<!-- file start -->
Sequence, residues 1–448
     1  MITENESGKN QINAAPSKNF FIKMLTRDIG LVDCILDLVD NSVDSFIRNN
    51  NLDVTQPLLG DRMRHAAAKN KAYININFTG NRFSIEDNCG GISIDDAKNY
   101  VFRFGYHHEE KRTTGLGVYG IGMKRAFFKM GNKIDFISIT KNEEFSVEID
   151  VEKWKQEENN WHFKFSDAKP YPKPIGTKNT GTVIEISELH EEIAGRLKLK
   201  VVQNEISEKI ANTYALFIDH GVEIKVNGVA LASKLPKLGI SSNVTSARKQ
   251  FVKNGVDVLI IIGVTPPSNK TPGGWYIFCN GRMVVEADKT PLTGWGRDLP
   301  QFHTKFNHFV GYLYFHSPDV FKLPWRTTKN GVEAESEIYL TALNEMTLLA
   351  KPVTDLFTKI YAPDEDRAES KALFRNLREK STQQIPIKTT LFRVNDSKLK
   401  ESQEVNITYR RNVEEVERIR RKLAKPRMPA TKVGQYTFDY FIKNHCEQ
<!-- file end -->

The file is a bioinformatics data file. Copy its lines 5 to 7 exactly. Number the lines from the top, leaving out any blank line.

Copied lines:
   151  VEKWKQEENN WHFKFSDAKP YPKPIGTKNT GTVIEISELH EEIAGRLKLK
   201  VVQNEISEKI ANTYALFIDH GVEIKVNGVA LASKLPKLGI SSNVTSARKQ
   251  FVKNGVDVLI IIGVTPPSNK TPGGWYIFCN GRMVVEADKT PLTGWGRDLP